Indonesia’s most powerful palm oil company joins push for forest protection
Astra Agro Lestari, considered one of Indonesia’s most politically influential companies, has joined the Indonesian Palm Oil Pledge (IPOP). This moment has been long anticipated.
17 February 2016
Astra first promised to join IPOP in June 2015 and then reiterated its commitment to do so in September 2015 when it announced its Sustainability Policy.
“Astra Agro Lestari, as Indonesia’s second largest palm oil producer and a part of Astra International, Indonesia’s largest publicly traded company, has a lot of power over the fate of Indonesia’s forests,” said Deborah Lapidus, spokesperson for the Center for International Policy, one of the groups who negotiated with Astra and its parent company Jardines Matheson as it was developing its Sustainability Policy. “Astra joining IPOP is an important signal that it is ready to use its power for good.”
Astra move represents a huge breakthrough
IPOP describes itself as “a partnership of palm oil companies with a mission to create an environment in Indonesia which enables and promotes the production of sustainable palm oil that is deforestation free, expands social benefits, and improves Indonesia’s market competitiveness.” Other IPOP members include Wilmar International, Golden Agri-Resources (GAR), Musim Mas, Cargill, Asian Agri, and The Indonesian Chamber of Commerce (Kadin).
“Astra joining IPOP represents a huge breakthrough. Even the Indonesian palm oil industry leaders who were previously most skeptical of conservation are calling on the government to launch a major push for forests and community rights,” said Azmi Sirajuddin of Yayasan Merah Putih, a community organization in Sulawesi that has been working with other Indonesian organizations to improve Astra’s practices.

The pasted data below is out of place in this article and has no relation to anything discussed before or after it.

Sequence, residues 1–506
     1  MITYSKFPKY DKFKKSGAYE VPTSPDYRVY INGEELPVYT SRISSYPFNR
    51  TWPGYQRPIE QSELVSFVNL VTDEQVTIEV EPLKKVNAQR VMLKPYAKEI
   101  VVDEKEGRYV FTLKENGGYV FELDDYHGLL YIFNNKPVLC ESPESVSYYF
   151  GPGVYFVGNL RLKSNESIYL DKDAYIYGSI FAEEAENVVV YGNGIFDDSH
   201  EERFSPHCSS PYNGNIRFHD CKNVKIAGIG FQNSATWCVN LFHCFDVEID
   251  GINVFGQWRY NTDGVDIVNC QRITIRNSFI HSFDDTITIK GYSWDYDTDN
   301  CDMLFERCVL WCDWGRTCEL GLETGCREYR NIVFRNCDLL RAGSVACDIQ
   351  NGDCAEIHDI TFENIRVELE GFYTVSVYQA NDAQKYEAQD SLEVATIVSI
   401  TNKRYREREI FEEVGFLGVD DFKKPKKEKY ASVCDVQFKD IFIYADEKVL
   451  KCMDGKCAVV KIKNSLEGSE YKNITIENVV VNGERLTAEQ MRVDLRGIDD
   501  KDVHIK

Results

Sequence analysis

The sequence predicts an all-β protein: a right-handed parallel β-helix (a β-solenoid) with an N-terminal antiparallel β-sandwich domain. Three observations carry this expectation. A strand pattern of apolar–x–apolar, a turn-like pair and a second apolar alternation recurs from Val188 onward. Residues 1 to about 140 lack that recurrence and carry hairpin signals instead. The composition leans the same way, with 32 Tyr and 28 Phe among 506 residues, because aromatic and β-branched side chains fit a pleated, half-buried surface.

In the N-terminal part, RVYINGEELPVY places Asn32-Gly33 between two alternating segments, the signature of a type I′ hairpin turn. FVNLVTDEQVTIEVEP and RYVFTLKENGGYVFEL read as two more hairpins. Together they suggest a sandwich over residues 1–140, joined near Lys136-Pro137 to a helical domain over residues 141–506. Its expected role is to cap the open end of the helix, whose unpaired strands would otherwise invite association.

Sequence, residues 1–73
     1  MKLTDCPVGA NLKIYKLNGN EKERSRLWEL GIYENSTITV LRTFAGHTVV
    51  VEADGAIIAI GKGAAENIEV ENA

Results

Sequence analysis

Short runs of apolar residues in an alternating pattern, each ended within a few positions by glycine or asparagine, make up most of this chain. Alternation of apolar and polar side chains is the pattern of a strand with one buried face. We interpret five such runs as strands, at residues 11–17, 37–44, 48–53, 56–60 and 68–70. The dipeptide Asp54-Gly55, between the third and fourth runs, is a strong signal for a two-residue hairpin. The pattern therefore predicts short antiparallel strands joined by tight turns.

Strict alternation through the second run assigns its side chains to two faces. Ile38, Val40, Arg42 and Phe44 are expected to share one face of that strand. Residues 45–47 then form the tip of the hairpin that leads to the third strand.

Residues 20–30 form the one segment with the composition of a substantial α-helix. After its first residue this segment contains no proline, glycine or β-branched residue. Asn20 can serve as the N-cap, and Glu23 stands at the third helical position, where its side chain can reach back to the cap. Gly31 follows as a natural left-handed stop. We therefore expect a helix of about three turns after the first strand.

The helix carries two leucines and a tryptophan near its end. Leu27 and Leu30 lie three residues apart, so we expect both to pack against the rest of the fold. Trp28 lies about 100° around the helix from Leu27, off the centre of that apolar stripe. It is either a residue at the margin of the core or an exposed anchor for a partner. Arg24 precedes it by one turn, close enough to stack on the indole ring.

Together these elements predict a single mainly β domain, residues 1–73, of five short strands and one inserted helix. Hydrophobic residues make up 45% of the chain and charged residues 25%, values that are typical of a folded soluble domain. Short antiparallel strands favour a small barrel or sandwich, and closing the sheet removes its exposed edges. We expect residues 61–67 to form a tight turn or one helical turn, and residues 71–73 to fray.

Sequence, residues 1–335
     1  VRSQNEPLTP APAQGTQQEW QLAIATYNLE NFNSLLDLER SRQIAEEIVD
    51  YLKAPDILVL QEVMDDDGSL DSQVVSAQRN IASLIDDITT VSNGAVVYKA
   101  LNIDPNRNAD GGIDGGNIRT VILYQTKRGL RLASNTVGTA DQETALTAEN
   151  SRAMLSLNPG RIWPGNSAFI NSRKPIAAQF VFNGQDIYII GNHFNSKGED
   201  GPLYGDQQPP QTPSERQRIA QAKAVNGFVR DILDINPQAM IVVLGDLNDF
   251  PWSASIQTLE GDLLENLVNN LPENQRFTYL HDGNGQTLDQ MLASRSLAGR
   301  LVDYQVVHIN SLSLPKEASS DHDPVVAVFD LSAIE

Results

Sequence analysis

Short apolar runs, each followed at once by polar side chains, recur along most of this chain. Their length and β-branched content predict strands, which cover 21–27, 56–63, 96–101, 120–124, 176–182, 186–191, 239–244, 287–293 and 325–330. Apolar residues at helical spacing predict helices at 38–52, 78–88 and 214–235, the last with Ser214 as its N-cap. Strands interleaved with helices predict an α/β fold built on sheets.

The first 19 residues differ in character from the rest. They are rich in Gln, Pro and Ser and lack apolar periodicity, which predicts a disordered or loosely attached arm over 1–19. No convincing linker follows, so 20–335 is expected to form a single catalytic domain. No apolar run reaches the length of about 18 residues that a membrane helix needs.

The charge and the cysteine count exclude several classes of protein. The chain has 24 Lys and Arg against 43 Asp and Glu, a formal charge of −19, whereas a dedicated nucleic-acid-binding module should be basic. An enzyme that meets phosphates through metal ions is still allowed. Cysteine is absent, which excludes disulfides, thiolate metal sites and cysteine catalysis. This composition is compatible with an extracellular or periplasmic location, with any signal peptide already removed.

RFN: Joint private and public sector action needed
Astra’s director Joko Supriyono serves as Chair of GAPKI, the Indonesian palm oil producers association that has historically opposed government actions to improve the sustainability of the palm oil industry. But Astra’s influential role in GAPKI means it has the opportunity to seek convergence between GAPKI and IPOP’s objectives to create a powerful, unified industry voice working for improved forest governance in Indonesia.
“This type of joint private sector and public sector action to protect forests and peatlands is what is needed to prevent another catastrophic and costly haze crisis in 2016 and beyond,” said Anja Lillegraven of Rainforest Foundation Norway (RFN). RFN has worked with both Nordic investors and local communities to encourage Astra to cease deforestation, and also commissioned a major investigation into Astra’s practices by the consultancy AidEnvironment.
“Joining together also makes it easier and more cost-effective for Astra and other companies to engage in landscape-level restoration efforts that begin to reverse some of the harm that has been done in the past.”
Hope Astra will hold meetings with indigenous peoples
The next critical step for Astra is to quickly announce its long-awaited implementation plan for its Forest Conservation Policy which is being developed in partnership with consultancies Daemeter, Rainforest Alliance, and Proforest.
“Now the real work of implementation begins. We hope Astra will move quickly to hold long overdue meetings with the indigenous peoples and community groups displaced by its previous planation development, including the Orang Rimba in Jambi,” said Diki Kurniawan, Executive Director for KKI WARSI, a community organization that works with the Orang Rimba, an indigenous community in Sumatra whose forest was cleared by Astra for a 75 square mile palm oil plantation. “Astra needs to compensate the Orang Rimba and provide them the opportunity to maintain their culture and live with dignity.”